The Canadian Orca Rescue Society said the organization brings the inflatable orcas to many local events. They want to empower young people to fight for the planet and support indigenous peoples in their efforts to protect the environment. (Devon Bidal/News Staff)

Protesters rally in Victoria over newly approved Trans Mountain pipeline

The Still No Consent! No Trans Mountain! 20 kilometre march will end at Island View Beach

Trans Mountain pipeline protesters kicked off a march on Saturday Morning in downtown Victoria.

READ MORE: Just over 50% of British Columbians agree with Trans Mountain project approval

Organized by a group called Rise and Resist, the Still No Consent! No Trans Mountain! 20 kilometre march began in Centennial Square. The protesters began to gather at 8 a.m. while marshalls met to prepare for the day.

The march will include a 7 kilometre stretch of highway as the group makes their way to the end of their route at Island View Beach in Tsawout First Nation territory at 5 p.m.

A blessing, speeches, songs and drumming all helped get the protesters of all ages in the mood to march. Many were planning on walking the entire route, but others brought their bikes.

READ ALSO: Pipeline protesters plan march as Trudeau gives Trans Mountain the go-ahead

“We will walk-upy [sic] seven kilometres of Highway 17 to send a direct message to Trudeau that there is resistance from coast to coast in so-called Canada,” an announcer said to the cheering group.

Another speaker encouraged the protesters to raise their fists high in the air.

“When you come together, you become unstoppable. It’s beautiful to see you all here today as one human family, building a bridge for the children. The children are doing it themselves too,” they said, referencing the work of young activists such as Greta Thunberg from Sweden.

READ ALSO: Trans Mountain pipeline protesters rally in Vancouver

The speaker compares the pipeline’s harm to the earth with injecting one’s mother with bitumen and then trying to cure her with medicinal herbs. They spoke of the importance of listening to the knowledge of Indigenous matriarchs. They then invited one of the matriarchs in attendance to speak.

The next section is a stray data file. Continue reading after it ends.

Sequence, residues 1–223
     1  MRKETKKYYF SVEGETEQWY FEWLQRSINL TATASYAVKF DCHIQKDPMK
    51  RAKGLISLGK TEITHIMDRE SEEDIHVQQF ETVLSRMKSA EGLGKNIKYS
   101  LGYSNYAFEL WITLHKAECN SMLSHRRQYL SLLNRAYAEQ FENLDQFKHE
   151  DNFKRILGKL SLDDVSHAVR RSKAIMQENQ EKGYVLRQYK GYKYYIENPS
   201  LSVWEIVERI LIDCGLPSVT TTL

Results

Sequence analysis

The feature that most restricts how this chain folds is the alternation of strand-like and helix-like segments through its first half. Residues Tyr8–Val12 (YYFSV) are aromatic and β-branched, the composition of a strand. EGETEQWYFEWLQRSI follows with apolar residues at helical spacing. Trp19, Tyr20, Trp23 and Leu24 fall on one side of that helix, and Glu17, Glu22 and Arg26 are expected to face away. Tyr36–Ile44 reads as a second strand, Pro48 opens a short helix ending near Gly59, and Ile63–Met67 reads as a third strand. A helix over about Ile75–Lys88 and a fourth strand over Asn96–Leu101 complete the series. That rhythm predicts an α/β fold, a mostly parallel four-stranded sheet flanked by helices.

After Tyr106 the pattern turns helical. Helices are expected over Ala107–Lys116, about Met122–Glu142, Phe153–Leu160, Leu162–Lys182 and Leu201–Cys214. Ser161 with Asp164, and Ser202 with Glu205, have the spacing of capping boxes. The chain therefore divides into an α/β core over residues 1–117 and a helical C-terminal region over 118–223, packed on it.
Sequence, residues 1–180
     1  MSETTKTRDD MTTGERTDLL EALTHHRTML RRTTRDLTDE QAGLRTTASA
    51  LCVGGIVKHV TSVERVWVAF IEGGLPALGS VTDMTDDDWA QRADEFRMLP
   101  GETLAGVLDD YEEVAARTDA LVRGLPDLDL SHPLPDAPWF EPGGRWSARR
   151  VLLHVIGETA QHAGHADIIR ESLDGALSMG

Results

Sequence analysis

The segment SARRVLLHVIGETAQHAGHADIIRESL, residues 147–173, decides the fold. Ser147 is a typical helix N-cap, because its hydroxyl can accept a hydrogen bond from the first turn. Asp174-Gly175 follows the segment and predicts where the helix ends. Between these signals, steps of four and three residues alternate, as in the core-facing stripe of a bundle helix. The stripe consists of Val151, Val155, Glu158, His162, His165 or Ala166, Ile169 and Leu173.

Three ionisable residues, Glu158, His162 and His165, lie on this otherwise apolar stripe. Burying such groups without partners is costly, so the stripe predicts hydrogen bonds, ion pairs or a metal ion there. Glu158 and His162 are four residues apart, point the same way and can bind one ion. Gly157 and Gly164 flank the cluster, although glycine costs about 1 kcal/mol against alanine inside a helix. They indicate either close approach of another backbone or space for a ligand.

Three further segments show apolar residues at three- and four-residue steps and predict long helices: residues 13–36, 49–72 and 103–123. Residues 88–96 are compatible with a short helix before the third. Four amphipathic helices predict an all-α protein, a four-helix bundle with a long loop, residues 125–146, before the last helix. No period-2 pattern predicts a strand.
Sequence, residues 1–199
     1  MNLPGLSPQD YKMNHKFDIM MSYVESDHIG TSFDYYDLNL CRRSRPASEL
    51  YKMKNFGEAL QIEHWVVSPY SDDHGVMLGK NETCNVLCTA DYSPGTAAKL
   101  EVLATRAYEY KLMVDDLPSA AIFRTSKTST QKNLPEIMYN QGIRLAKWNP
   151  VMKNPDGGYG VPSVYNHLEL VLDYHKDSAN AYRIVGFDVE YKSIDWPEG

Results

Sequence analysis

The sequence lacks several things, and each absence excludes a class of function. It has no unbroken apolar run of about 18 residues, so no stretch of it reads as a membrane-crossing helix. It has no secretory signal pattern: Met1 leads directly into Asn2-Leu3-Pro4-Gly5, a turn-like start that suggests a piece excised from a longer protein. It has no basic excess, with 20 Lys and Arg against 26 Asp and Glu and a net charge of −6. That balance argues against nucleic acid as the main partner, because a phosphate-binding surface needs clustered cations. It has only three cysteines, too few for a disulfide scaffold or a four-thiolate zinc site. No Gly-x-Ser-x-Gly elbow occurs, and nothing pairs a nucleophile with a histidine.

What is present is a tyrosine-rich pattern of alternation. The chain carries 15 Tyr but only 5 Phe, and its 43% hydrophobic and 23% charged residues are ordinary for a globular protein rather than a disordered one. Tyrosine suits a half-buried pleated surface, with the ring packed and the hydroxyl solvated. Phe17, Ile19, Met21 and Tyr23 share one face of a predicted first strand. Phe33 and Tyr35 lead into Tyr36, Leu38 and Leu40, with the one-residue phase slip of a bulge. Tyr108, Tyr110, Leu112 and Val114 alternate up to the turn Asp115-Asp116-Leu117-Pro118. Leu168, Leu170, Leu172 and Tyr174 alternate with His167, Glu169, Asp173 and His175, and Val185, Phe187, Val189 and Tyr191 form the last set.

“The little babies will suffer if we don’t do something,” she said. “I get really emotional. The earth is part of me and I am part of the earth…. It’s time for us to walk together and love this earth.”

Gregg McElroy from the Canadian Orca Rescue Society was one of the people carrying an inflatable orca. The organization brings the inflatables to many local events, he explained.

“Let’s work together,” said McElroy. “One voice can’t be heard in the wilderness, but a million voices can be heard across this nation.”

The march will end with a free community feast at Island View Beach at 6 p.m.


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UVic students showing off their sign. They heard about the march through friends and were encouraged by the Facebook group that showed over 1,000 people were interested in attending. (Devon Bidal/News Staff)

A speaker encouraged protestors to raise their fists. “When you come together, you become unstoppable. It’s beautiful to see you all here today as one human family.” (Devon Bidal/News Staff)

The tiny house will follow the protestors today with the help of a truck and will the continue to the Secwempec territory to be used by protestors along the proposed pipeline route. (Devon Bidal/News Staff)

The inflatable orcas getting ready for the march courtesy of the Canadian Orca Rescue Society. (Devon Bidal/News Staff)

Some protestors brought their bikes to the march. (Devon Bidal/News Staff)

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